They need to patent, but there's a race to be the first at what we call in French the Bureau canadien des Brevets, the patent office. Maybe firms are spending too many resources on patenting, and once it's time to commercialize then they're left fairly fragile or are weakened somehow.

9:25 a.m.

NDP

Kennedy Stewart Burnaby—Douglas, BC

Thank you very much.

I'll just move on to the universities in general. Have you thought about experimenting with the tenure structure? I went through tenure in 2009, and my incentives were pretty clear: 40% publications, 40% teaching, 20% community service. I know they're different for different universities and different departments, but have you talked about your tenure structure at all, in terms of pushing academics towards more patenting?

9:25 a.m.

Vice-President, Research and International, University of Manitoba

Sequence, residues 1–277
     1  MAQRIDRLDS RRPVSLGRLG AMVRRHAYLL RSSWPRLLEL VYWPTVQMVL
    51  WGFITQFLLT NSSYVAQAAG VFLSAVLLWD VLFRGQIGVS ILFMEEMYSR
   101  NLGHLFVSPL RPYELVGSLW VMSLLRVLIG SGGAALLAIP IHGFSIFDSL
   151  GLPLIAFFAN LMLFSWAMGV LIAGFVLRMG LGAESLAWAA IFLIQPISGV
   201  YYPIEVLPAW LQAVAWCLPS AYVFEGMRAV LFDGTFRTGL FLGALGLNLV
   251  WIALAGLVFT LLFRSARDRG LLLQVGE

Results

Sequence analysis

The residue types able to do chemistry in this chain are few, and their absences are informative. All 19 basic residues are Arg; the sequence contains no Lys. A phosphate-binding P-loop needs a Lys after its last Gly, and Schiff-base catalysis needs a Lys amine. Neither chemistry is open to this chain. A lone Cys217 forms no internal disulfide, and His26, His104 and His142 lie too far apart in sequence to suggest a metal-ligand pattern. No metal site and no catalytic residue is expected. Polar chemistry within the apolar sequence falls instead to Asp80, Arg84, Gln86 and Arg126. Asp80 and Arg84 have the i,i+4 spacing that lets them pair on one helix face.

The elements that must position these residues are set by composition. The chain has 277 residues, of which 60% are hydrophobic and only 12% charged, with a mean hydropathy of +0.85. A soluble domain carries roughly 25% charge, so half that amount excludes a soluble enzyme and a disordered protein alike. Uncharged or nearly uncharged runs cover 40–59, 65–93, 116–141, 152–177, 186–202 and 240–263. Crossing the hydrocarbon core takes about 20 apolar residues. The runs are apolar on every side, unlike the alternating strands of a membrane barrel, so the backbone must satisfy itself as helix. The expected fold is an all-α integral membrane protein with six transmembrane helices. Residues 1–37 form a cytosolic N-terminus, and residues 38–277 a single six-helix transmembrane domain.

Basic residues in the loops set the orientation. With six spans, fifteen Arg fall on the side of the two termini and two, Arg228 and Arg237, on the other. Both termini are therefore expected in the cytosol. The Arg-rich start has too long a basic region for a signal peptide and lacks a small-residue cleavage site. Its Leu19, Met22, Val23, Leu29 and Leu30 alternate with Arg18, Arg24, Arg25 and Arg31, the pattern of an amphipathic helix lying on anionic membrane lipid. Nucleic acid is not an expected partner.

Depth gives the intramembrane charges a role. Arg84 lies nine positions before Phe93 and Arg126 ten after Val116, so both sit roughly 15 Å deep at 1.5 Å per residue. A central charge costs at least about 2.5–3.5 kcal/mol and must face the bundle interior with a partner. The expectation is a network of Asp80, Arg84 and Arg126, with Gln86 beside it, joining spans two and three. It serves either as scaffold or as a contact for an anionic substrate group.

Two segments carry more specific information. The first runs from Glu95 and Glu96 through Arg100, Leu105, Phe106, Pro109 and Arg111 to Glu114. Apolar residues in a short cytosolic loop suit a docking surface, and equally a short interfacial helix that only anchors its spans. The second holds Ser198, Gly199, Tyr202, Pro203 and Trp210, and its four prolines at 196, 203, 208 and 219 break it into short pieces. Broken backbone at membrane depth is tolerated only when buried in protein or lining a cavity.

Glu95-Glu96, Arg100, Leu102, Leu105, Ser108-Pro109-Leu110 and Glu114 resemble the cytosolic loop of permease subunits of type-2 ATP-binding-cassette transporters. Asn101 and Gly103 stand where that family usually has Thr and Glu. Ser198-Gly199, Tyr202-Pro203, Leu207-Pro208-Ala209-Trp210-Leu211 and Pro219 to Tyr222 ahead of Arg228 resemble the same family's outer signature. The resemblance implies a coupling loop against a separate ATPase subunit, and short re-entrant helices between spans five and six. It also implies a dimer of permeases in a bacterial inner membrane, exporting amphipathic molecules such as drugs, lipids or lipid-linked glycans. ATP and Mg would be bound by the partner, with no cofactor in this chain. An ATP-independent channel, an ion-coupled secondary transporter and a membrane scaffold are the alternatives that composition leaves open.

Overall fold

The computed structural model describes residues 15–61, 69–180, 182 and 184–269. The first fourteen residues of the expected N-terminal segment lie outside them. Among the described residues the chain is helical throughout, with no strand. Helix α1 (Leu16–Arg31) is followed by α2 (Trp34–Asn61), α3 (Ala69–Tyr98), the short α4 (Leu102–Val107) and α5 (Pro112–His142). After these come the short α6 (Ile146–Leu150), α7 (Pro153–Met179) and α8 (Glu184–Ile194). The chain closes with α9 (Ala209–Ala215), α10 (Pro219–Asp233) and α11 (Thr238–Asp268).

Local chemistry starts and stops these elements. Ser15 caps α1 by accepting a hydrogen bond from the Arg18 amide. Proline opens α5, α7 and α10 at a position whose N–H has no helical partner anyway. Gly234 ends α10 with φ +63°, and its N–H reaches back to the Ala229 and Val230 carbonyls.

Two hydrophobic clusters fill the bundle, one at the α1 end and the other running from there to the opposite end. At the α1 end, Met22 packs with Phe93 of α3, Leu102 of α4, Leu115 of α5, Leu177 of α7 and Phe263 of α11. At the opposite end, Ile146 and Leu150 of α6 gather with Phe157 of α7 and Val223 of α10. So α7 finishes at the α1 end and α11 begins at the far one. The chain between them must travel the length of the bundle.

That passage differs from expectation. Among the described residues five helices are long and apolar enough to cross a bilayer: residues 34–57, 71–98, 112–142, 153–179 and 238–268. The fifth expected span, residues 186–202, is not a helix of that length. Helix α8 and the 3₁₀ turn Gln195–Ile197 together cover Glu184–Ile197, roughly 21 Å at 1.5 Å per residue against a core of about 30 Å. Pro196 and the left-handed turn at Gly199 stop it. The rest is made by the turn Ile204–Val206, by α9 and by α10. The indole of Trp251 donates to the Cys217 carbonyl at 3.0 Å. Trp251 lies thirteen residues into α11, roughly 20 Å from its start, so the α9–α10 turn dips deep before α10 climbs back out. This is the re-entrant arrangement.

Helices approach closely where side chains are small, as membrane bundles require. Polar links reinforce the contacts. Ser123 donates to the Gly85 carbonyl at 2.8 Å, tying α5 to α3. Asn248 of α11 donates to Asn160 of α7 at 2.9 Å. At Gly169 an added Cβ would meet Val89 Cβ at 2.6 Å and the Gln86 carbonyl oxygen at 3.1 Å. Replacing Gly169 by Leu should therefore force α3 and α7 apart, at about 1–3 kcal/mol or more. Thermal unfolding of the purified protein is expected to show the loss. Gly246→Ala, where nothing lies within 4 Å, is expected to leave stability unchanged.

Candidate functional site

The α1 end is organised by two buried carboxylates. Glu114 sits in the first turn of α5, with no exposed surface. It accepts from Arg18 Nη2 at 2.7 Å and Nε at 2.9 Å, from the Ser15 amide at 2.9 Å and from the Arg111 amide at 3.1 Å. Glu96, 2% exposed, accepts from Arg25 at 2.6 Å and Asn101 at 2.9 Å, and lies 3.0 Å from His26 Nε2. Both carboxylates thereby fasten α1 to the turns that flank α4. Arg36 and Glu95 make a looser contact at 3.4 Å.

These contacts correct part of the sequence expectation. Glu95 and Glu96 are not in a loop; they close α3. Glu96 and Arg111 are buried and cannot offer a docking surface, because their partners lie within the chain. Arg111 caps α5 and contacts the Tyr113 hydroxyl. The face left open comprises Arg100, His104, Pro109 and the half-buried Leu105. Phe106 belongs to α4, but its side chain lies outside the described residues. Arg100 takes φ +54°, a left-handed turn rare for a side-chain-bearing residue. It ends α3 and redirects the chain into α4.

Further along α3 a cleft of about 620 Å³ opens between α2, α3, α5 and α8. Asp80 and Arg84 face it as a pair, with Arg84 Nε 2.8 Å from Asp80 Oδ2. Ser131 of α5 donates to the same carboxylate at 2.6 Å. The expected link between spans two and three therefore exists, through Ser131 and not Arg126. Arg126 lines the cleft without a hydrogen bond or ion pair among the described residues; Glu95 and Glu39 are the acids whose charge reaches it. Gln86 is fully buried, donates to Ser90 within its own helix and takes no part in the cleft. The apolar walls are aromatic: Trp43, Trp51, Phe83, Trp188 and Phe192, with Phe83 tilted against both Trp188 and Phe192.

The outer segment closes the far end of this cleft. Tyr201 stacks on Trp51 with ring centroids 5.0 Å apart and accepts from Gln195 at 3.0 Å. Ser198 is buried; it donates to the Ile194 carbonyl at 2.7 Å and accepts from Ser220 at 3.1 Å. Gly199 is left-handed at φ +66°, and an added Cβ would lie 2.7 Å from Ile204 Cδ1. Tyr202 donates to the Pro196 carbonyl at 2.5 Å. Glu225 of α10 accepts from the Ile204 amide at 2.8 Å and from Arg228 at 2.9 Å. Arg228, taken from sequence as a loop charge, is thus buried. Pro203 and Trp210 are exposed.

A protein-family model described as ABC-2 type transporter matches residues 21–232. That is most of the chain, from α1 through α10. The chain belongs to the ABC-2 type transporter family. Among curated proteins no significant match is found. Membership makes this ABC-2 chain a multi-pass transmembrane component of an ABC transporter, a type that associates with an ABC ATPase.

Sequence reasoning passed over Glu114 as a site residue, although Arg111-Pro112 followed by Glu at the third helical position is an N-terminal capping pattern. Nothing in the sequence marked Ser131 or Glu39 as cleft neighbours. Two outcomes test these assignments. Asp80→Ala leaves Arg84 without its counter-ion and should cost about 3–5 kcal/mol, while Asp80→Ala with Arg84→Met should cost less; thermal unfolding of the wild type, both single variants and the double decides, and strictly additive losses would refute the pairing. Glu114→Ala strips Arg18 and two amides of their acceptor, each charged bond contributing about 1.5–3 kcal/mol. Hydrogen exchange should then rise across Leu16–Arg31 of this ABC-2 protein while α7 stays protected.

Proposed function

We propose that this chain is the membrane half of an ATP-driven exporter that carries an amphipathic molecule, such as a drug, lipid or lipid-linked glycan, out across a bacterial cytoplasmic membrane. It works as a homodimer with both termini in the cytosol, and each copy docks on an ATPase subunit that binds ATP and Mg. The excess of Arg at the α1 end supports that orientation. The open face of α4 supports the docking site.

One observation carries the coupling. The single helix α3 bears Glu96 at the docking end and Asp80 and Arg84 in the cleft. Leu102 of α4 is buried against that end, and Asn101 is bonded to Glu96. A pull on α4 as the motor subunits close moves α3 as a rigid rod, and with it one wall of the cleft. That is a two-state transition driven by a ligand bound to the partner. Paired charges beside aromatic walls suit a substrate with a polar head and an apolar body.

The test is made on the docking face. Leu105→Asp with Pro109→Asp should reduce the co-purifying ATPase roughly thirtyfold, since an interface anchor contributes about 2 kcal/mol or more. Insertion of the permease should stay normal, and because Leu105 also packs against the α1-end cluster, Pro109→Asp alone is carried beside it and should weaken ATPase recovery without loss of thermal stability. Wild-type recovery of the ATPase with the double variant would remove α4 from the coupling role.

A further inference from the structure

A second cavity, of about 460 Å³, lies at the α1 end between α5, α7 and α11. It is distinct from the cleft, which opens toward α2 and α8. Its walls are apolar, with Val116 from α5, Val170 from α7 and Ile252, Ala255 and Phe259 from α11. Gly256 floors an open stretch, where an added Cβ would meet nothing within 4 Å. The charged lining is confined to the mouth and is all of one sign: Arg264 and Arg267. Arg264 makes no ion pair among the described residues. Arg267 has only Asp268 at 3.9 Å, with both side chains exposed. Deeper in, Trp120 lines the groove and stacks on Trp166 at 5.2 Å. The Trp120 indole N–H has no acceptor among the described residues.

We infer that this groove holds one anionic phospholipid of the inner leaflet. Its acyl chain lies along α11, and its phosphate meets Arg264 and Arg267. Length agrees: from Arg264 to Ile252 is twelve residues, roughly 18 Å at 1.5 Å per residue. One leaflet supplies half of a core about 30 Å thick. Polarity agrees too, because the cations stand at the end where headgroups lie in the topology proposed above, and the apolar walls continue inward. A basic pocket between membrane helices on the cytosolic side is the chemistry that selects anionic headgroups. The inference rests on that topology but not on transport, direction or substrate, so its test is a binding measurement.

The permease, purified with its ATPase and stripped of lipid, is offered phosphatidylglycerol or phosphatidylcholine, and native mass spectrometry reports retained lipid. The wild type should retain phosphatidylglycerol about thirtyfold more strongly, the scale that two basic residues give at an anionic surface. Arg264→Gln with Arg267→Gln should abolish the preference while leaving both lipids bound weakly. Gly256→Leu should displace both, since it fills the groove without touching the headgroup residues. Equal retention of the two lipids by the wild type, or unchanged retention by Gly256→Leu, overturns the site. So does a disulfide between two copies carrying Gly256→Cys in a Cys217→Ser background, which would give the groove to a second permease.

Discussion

Dr. Digvir Jayas

At the University of Manitoba, I think it depends more on the faculty. For example, in engineering, patents would be considered and given weight in the tenure application, but in social sciences maybe not as much. So I would say the faculties are certainly aware of patents and the value they bring to the research enterprise. As Catherine mentioned, patents lead to publications and then to increased citations, so researchers see that value in connecting.

I don't think patents won't be used; it depends on the unit. Computer science programs will recognize that, health sciences will recognize that.

9:25 a.m.

NDP

Kennedy Stewart Burnaby—Douglas, BC

Have you had these discussions about tenure at your university? You're obviously rewarding with financial incentives as royalties, or that's what you're looking at doing, and that's how you're trying to coax your faculty into making more patents. Have you had discussions about the tenure structure, or is that kind of a no-go area?

9:25 a.m.